VATICAN CITY (AP) – A Jewish leader met with Vatican officials this week to ask them to restate church teachings on the Crucifixion, saying Mel Gibson’s new film contradicts the church’s position that the Jews as a people were not responsible for Jesus’ death.
A top Vatican official who met with Abraham Foxman, national director of the Anti-Defamation League, said Wednesday that no such statement was planned. U.S. Archbishop John P. Foley, who heads the Vatican’s social communications office, again praised the film, “The Passion of the Christ,” and said he found nothing anti-Semitic in it.
Foxman’s visit to the Vatican came as debate over Gibson’s depiction of the violent final hours of Christ’s life intensified ahead of the film’s planned U.S. release Feb. 25. Jewish groups have said the film could fuel anti-Semitism; the Vatican has called it a recounting of the “historical fact of the passion of Jesus Christ according to the Gospel accounts.”
Foxman told a news conference Wednesday in Rome that the Roman Catholic Church had a responsibility to set the record straight on its own teachings about Christ’s Passion, since many people who see the film may think it reflects official church teaching.
Foxman said that in his view, the film contradicts the church’s landmark 1965 document “Nostra Aetate,” Latin for “In Our Time,” in which the Vatican deplored anti-Semitism in every form and repudiated the “deicide” charge that blamed Jews as a people for Christ’s Crucifixion.
Foxman said Gibson’s film depicted the Jews as “blood-thirsty” villains who forced the Romans into Christ’s Crucifixion.
“His film is an attack on Christian teaching. It is a revision, if you will, of ‘Nostra Aetate,”’ Foxman said.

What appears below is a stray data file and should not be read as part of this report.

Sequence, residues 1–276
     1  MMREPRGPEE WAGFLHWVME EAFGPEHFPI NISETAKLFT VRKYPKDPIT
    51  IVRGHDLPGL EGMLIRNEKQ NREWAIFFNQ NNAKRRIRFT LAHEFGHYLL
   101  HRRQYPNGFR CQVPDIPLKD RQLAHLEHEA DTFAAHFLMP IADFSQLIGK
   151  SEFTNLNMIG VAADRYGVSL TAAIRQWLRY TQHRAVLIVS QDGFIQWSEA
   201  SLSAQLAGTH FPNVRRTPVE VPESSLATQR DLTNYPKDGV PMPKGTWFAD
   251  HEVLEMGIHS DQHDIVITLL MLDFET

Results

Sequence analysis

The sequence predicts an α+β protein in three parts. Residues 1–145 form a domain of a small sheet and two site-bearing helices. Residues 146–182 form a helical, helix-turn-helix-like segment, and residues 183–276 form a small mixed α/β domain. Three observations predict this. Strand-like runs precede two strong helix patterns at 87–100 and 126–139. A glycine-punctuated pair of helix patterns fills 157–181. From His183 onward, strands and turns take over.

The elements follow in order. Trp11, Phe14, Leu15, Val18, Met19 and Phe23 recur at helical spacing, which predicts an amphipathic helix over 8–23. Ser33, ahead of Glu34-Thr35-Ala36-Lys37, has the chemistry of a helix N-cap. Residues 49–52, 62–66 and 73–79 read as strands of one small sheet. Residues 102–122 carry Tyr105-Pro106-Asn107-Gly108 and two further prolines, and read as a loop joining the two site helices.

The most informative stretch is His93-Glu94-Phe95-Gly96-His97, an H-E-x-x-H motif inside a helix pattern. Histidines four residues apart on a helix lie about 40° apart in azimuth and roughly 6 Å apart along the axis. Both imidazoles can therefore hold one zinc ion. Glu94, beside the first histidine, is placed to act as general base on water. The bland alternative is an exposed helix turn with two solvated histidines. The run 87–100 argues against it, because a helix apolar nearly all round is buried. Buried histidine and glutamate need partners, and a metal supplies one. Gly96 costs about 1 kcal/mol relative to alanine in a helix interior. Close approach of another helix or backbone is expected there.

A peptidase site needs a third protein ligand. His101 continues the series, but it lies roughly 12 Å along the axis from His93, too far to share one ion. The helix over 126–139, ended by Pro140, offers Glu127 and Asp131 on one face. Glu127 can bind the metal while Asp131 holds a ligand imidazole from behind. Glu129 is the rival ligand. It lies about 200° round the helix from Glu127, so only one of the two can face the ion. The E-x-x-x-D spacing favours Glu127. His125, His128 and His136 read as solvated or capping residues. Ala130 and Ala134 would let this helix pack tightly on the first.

He called for the Vatican to ask bishops’ conferences around the world to restate church teachings on the Crucifixion.
Foxman met this week with Foley as well as the Rev. Norbert Hofmann, secretary of the Vatican’s commission for religious relations with Jews.
Foley said he had told Foxman that he had found nothing in the film that could be interpreted as anti-Semitic. “Certainly there are some Jews who call for punishment for Jesus,” Foley said. But he said the Romans too were depicted harshly.
“I had absolutely no thought regarding any responsibility on the part of the Jews,” Foley said. “I took it as a meditation on the Passion of Jesus, and my own responsibility and the responsibility of all of us for the suffering and death of Jesus.”
The Vatican has found itself in an awkward spot in the weeks leading up to the film’s debut. Last month, it took the unusual step of officially clarifying whether the pope had endorsed the film, saying the pontiff never makes judgments on artistic works.
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